Margalis Fjelstad, Ph.D., LMFT

Margalis Fjelstad Ph.D., LMFT

Stop Caretaking the Borderline or Narcissist


Are You Married to a Narcissist?

Being married to a narcissist can be overwhelming. Here's what you can do.

Posted Jun 26, 2013

Do you feel controlled, manipulated, or that you are losing your sense of self? Then you may be married to a narcissist.

Does your partner use one set of rules and expectations for him or herself and another set for you? Then you may be married to a narcissist. Does your partner dismiss your feelings as "crazy" or "needy," but no one else in your life sees you that way? Then you might be married to a narcissist. Does your partner act out sexually, act recklessly, manipulate you, or blame you for her or his feelings? Then you are probably married to a narcissist.

It can be quite confusing when the person you love consistently ignores, dismisses, and explains away your feelings, wants and needs, while complaining that you never do what he or she wants. It can also be very hard to feel safe, cared for, or even considered in such a relationship. You may feel under constant pressure to say and do just the right thing in just the right way to please her or him or to keep the peace.

This pressure can lead to depression, low self-esteem, anxiety, fear of making a mistake, and a lack of energy and enthusiasm. Basing your self-esteem on the opinions of someone else is always a vulnerable proposition, but when you are married to a narcissist, it is devastating. A narcissist feels most secure when his or her partner looks good and feels needy. So he or she keeps you off balance with criticism, withdrawal of love, impossible demands, and lectures about how he or she knows better than you do what you feel and need. Ultimately, all your attention goes to the narcissist, trying to get and keep his or her attention and love, and your needs get stuffed and ignored even by you.

The only way to break out of this scenario is to start paying attention to your own needs and wants and doing something to fulfill them yourself. Stop waiting for the narcissist to notice and spontaneously start responding to your feelings. Start paying attention to your own wants and needs and create a plan to fulfilled them yourself. Here are some ideas:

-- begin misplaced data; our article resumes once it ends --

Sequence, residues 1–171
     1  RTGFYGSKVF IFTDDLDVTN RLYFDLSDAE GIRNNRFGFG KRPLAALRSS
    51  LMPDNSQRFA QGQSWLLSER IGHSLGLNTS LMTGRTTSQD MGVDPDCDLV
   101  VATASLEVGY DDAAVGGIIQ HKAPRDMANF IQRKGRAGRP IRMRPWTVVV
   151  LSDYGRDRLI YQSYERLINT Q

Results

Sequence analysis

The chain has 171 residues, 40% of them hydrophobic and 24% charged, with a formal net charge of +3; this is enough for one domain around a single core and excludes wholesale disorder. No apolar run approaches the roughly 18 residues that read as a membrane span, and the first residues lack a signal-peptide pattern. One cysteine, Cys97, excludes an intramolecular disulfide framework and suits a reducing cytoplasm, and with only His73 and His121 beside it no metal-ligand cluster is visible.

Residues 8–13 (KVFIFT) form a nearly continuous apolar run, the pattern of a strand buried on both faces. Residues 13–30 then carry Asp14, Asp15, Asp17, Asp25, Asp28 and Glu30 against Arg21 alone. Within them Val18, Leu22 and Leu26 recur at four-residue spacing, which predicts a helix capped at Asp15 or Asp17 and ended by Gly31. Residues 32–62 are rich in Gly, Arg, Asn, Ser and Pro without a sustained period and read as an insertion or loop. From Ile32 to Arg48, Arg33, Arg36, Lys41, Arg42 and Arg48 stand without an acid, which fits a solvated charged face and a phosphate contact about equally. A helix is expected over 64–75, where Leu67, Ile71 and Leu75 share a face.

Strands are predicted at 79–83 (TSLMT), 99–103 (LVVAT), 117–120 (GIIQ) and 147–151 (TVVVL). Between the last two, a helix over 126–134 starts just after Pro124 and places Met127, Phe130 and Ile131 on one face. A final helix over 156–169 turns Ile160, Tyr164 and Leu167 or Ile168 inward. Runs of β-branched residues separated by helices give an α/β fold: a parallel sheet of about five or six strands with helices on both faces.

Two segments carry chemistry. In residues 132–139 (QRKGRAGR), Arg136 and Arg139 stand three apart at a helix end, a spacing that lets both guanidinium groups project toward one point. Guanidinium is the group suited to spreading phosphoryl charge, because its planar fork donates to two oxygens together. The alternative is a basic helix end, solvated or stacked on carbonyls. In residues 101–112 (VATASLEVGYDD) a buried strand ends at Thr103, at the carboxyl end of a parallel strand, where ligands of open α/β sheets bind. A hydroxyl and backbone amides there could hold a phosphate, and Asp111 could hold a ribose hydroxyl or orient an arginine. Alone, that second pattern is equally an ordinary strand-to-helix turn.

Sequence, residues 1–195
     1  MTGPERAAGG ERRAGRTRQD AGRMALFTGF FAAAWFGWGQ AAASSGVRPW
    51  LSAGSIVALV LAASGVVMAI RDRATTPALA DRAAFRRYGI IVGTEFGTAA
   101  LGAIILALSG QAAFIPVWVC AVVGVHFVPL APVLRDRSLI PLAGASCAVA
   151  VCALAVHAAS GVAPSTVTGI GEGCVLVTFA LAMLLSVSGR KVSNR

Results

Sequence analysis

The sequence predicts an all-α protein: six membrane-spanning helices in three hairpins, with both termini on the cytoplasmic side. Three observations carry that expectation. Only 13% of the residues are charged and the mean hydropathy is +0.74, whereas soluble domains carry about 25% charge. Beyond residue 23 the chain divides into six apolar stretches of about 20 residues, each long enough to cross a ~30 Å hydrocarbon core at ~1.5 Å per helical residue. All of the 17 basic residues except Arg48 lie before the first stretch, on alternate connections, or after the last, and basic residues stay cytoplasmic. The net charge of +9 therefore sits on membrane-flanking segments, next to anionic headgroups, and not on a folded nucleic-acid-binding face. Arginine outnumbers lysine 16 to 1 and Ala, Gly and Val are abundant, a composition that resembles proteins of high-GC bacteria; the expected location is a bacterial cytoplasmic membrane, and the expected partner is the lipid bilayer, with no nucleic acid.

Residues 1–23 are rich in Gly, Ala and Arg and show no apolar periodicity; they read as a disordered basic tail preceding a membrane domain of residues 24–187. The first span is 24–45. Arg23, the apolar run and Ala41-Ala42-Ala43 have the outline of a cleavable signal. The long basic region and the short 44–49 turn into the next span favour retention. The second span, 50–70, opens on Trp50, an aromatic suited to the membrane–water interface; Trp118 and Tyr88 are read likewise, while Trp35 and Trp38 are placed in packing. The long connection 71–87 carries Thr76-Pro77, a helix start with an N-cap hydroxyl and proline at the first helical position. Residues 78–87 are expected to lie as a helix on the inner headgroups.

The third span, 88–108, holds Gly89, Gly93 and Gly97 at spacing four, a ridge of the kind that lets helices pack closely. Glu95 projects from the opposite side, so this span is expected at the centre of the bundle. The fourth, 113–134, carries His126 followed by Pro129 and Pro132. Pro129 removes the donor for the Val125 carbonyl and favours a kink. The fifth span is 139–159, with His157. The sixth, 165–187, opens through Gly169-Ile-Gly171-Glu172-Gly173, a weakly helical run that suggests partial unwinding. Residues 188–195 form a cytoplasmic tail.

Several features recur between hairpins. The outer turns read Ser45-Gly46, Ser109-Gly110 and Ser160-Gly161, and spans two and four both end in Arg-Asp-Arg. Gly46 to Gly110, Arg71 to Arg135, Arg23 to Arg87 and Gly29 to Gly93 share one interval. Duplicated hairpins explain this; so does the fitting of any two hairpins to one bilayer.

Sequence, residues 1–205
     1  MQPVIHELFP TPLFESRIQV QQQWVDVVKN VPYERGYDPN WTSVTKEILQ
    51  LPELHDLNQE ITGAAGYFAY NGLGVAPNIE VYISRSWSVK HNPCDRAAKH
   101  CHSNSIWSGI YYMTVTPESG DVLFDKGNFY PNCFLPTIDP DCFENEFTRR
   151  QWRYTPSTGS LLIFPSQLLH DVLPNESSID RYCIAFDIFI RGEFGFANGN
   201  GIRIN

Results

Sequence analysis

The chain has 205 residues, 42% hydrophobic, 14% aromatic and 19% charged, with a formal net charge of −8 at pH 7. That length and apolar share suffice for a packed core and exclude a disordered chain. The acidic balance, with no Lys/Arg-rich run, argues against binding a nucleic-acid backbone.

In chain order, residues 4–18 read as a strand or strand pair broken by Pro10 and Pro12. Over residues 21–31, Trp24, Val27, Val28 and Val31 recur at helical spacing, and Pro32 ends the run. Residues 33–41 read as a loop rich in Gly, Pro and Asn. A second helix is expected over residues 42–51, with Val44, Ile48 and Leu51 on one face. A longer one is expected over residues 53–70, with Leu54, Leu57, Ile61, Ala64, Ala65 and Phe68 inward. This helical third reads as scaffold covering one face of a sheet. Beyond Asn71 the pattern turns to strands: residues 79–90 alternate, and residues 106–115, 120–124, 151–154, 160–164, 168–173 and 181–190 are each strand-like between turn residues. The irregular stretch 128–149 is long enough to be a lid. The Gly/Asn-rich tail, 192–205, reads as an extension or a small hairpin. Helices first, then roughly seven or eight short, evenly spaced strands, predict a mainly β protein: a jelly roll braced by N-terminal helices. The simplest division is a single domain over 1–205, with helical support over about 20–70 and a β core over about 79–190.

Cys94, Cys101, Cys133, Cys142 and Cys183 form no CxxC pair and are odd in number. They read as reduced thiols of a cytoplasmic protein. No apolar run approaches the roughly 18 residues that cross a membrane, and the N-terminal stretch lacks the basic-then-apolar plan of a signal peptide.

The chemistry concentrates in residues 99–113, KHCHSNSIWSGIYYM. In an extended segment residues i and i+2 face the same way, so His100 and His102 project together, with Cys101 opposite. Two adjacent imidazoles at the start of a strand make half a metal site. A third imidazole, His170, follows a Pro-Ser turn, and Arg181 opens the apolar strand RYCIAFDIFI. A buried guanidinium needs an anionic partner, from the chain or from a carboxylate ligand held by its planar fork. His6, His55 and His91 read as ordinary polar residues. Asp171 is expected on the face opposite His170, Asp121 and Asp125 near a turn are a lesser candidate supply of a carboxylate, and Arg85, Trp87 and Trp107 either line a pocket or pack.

1. Be present in your own life. Start noticing what you feel and when you feel it. Write your feelings down so you won't later try to discount or diminish them. Paying attention to yourself puts you more in touch with your own experiences.

2. Respect yourself. What you feel, want, and need are all very important. These things are a part of you. Choosing for yourself your preferences, your friends, your activities, your thoughts, and your feelings are all ways of validating who you are and respecting your own uniqueness. Increase your self-respect, and you will decrease your reliance on the narcissist.

3. Quit making impossible demands of yourself. You cannot change another person, so stop trying to make the narcissist pay attention to you, hear you, respond to your feelings, understand your point of view, or be more thoughtful. This is an impossible task, so it is time to give it up and concentrate on something that can be successful, that is, doing these things for yourself.

4. Stop taking things personally. Don't take anything the narcissist (or anyone else) says or does as meaning anything about you. You are not the cause of what other people do. You can't make another adult think, feel, or act a certain way. That's under the other person's control, not yours. In fact, narcissists are so focused on themselves that whatever they say is actually a statement about themselves, not you.

5. Encourage yourself. Start saying, thinking, and believing good things about yourself. Self-criticism does nothing to make you feel better nor does it help you to be a better person or take better actions. Being kind, gentle, and forgiving of yourself are the best ways to become immune to the harsh criticisms and invalidations of the narcissist.

If you are married to a narcissist, what are you doing to take care of yourself? What are you doing to identify and meet your own needs? What do you need to start doing to make your life better? Narcissists, by definition, think only and entirely about themselves. So it is up to you to figure out how to take care of you.